“Until recently, portraiture was somehow intimidating–you’re meant to take someone’s photograph and try to make them look half decent but doing it for a few times now at work, made me realize it’s not that bad and it’s quite pleasing to be in front of someone and having the honour of taking their photograph.”
If you’d like to know how my professional work compares to my personal, let me tell you that I like to explore and experiment with my personal projects. The Peaky Blinders inspired shoot was considered a personal project and taught me a few editing and lighting techniques that I started using on my commercial work. I try to be a bit more conservative when shooting for clients but sometimes taking risks pays off and end up with amazed clients.
I’m relatively new to shooting portraiture so I haven’t discovered many photographers but I know what style I like. My bare basic source of inspiration is Helmut Newton, freaking love his work and his philosophy! Then there is David Bailey, Sally Mann and Annie Leibovitz. There are a few fellas I follow on Instagram too, a Mexican photographer called Hector Paris or Elizaveta Porodina from Russia for example. Cinema and comic vignettes are something that influence my portraiture as well; I’m crazy about cinematic photography, how they use light and compose a scene to express an idea or emotion. I often have to see a movie several times because I can’t listen to the dialogue, I’m too immersed in the photography that my brain blocks out everything else. Same with comic books, I look at the drawings instead of reading the dialogues. I also spend some time on Pinterest creating boards like this one for collaborations with models or this one for the Peaky Blinders shoot where I look for inspiration on poses and backgrounds.
For example with models, I’m after an aesthetic appeal. This is hard to explain because I’m not into fashion or glamour, I’m after that aesthetical sense of beauty and a pleasing photograph with a gentle provocation. Screaming colours, grainy-film like black and whites, cinematic angles, I’m exploring and discovering so pretty much anything goes. So… I get in touch with a model and ask if they’ll be interested in collaborating on a project about them as models and what I think would get the best out of them. I’d share a Pinterest boards and then we arrange for a shoot, locations are already in the back of my head so the process is simple. It’s all for fun and for the love of the craft so I’m pretty chilled about these shoots and I want the models to have fun too but know that they’re collaborating with a professional. Afterwards, I share the photos with them and everyone’s happy.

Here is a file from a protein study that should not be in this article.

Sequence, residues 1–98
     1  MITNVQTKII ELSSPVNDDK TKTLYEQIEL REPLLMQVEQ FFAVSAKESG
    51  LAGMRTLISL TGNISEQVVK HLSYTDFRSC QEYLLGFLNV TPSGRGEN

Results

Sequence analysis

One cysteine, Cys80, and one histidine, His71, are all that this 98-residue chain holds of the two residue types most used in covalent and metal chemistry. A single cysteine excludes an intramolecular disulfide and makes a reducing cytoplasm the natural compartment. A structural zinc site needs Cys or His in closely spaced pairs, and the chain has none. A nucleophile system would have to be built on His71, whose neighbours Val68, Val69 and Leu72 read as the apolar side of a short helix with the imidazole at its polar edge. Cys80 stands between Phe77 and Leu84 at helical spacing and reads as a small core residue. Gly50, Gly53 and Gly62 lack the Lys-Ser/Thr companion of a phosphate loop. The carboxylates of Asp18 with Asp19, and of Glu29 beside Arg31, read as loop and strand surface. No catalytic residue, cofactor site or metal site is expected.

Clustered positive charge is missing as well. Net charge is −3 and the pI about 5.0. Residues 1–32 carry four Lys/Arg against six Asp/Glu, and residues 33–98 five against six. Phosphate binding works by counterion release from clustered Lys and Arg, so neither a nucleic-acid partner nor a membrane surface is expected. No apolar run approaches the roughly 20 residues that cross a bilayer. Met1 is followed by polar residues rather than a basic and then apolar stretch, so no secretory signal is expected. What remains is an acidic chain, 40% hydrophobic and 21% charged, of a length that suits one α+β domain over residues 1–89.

For the Peaky Blinders-inspired fashion shoot, I found out about the subject the same morning of the shoot. I just grabbed my gear and headed to the meeting point, there and then while the editor and models were dressing up I prepared that Pinterest board and read as much as I could about Peaky Blinders, the tv show and the real gang from Birmingham. The locations were already scouted by the editorial team. We had about two hours to get everything done and it was pretty straightforward relating the models to the tv characters.
As I stated above, there’s this trend of street and other photographers shifting to portraiture, It might be because they find portraiture and fashion more profitable or commercially viable; that’s fair considering how “competitive” the industry is or because they want to explore different areas of photography like myself. Let me finish by saying that not having the commercial pressure of producing a photograph is a real luxury!